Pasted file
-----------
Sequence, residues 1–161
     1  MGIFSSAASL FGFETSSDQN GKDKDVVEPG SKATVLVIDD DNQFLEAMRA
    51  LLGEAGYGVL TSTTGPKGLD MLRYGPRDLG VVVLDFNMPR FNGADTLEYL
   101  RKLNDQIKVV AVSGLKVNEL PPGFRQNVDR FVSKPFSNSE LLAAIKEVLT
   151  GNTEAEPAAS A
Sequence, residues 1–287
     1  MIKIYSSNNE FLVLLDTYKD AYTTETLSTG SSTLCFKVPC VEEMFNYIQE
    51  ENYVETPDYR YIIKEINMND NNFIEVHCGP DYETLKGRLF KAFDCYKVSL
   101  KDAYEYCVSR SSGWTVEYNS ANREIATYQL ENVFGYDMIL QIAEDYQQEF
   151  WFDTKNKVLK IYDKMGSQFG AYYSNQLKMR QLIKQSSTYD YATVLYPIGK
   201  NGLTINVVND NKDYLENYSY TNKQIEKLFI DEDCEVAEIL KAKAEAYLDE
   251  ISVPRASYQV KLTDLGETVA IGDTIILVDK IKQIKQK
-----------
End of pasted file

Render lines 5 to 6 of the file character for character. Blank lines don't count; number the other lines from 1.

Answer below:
   151  GNTEAEPAAS A
Sequence, residues 1–287